Flattening Bond Yield Curve Threatens Inversion and Recession

Bond yields are flattening and this only happens when investors expect recessions

Stocks are up in every index, housing prices have almost completely recovered to previous highs, and consumers are confident. So what’s next for the business world? Well, we may just be getting toward the end of the business cycle and biding our time until the next recession.

The boom and bust cycle, in short

In short, modern credit-based economies tend to go through periods of rapid economic growth followed by brief recessions. Why? Well, new money comes in the form of government spending or bank loans, so the economy expands when banks lend and governments borrow.

In general, increasing the money supply increases inflation: but the details matter. In a credit-driven expansion, products that are typically purchased with borrowed money tend to appreciate most quickly. So as the economy expands, real estate – and rent – becomes more expensive. Rising land prices also drive up farm rents and food prices, and mineral rights & oil prices (not to mention iron, aluminum, and rare earth elements).

The Federal Reserve can (and is attempting to) fight off inflation by raising interest rates. When interest rates go up, lending slows down and so too do increases in associated asset prices. Why would the Fed choose to slow down the economy? Well, if inflation starts to outpace wage growth, people won’t be able to afford their mortgages and they’ll turn to the credit cards to get gas or buy groceries. Eventually, this leads to a chain of defaults like we saw in 2008’s worst case scenario.

Interest rates: now & later

The Federal Reserve’s influence is also limited: they can change the short term interest rate by changing how much they charge to banks for overnight loans, but they can’t really change the market’s perception of five, ten, or thirty years from now. Over time, investors expect, things will trend toward the average.

Normally, long term interest rates are higher than short term interest rates. If you’re borrowing money until the bank opens on Monday, I’m less worried about the interest rate than if you’re going to need six months, a year, or ten years to pay me back. The longer I’m waiting to see my money back, the more I want in return. Normally, that is.

In fact, the chart below shows the “spread,” or the difference in interest rates between the 2 year treasury bond and the 10 year bond:

Most of the time, the 10 year rate is higher than the 2 year rate, but every time that value drops in to the negative, there’s a recession (grey shaded area) close behind. Why? Well, it typically only happens because the Federal Reserve is raising those short term rates in the hopes of preventing a total economic meltdown. It also means that investors are expecting more risk over the next year or two than they do over the average of ten typical years.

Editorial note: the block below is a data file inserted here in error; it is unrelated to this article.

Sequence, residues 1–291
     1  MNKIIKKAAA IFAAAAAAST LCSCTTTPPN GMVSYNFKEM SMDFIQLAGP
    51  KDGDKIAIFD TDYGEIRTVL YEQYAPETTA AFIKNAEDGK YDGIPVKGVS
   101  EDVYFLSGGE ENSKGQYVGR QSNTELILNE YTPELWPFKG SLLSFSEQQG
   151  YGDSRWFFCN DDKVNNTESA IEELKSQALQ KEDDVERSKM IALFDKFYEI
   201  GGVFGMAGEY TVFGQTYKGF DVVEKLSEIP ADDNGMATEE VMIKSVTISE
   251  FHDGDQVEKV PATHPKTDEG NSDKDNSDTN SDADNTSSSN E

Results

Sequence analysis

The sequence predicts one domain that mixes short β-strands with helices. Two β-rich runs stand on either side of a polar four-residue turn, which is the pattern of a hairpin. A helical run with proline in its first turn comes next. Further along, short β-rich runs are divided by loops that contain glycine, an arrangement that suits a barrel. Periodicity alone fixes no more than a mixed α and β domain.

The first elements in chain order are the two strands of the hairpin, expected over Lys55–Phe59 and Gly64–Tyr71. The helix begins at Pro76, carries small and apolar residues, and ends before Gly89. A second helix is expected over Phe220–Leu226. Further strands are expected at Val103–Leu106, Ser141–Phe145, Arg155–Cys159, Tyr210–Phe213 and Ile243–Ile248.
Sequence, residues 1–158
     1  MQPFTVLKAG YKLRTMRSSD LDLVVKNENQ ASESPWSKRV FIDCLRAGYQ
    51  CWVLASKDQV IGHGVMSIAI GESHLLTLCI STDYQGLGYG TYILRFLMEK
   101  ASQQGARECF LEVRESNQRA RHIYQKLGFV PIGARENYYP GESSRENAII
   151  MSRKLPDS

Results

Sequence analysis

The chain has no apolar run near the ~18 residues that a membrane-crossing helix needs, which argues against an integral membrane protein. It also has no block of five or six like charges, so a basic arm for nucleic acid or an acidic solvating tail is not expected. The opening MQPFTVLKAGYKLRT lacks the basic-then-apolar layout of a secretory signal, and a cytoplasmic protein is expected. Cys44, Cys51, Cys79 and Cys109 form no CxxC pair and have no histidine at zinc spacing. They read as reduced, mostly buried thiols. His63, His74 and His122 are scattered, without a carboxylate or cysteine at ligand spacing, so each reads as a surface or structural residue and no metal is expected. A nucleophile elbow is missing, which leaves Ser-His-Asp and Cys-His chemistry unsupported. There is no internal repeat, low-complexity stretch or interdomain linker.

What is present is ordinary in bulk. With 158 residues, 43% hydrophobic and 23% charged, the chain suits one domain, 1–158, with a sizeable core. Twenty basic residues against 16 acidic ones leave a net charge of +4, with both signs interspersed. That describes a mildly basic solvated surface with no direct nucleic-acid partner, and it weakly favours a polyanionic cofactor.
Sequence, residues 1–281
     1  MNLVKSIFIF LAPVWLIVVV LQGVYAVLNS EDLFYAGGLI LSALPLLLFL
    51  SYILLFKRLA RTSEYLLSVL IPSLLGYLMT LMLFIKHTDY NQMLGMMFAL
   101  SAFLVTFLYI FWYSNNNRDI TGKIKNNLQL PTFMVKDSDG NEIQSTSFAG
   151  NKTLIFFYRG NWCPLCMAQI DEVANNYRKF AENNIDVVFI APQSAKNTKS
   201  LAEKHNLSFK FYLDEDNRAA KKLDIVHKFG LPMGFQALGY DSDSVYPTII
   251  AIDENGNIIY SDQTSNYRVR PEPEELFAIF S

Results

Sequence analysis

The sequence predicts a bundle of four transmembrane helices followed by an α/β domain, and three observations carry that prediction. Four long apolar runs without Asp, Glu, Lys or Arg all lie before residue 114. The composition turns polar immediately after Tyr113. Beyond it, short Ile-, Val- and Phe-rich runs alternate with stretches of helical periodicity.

What’s that mean for the web business?

Even if we can anticipate that there’s a recession coming, this indicator doesn’t tell us if it’s going to start next month or in two years. Even with advanced analysis, timing the specifics of market movements is largely a game of chance. That said, it might be a good time to take a more conservative position: stock up some cash for a crash, and maybe avoid taking out more home equity than you can really afford to borrow.

Will the unicorns survive? Some will, in some form… but the majority of them probably won’t. If you’re working for an online business that hasn’t quite turned a profit yet, it might be time to polish off and update the resume. If you’re starting a project that’s going to require investors, get that funding secured ASAP or else build a more modest plan B that gives you a cheaper launch.

Are we going to see another catastrophe like 2008? Probably not. Although houses and stocks are a little overpriced, it’s nothing as bad as what we had in 2006-2007. Household and corporate balance sheets are in better condition, and there are a few new safeguards in place that should help prevent the worst of the chain reactions we saw a decade ago. Still, we’re likely to see drops in home prices, 401k values, the employment rate, and GDP growth. Assets will become cheaper to own, food prices will moderate, and rents will stop going up so quickly.

After a year or two of recession, starting a business or investing in future assets is even easier than late in the business cycle, so be prepared and take advantage of the opportunities available on both sides of the cycle!

Flattening Bond Yield Curve Threatens Inversion and Recession
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Flattening Bond Yield Curve Threatens Inversion and Recession
The bond market is trending toward a major recession warning signal: yield curve inversion.
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